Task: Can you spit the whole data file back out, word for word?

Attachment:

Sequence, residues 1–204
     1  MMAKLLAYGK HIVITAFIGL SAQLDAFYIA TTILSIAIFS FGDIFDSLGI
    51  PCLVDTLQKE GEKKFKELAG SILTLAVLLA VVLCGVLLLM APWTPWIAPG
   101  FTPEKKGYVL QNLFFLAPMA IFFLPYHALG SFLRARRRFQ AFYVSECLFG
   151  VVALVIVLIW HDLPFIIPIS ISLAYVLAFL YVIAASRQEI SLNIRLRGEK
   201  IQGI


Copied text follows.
Sequence, residues 1–204
     1  MMAKLLAYGK HIVITAFIGL SAQLDAFYIA TTILSIAIFS FGDIFDSLGI
    51  PCLVDTLQKE GEKKFKELAG SILTLAVLLA VVLCGVLLLM APWTPWIAPG
   101  FTPEKKGYVL QNLFFLAPMA IFFLPYHALG SFLRARRRFQ AFYVSECLFG
   151  VVALVIVLIW HDLPFIIPIS ISLAYVLAFL YVIAASRQEI SLNIRLRGEK
   201  IQGI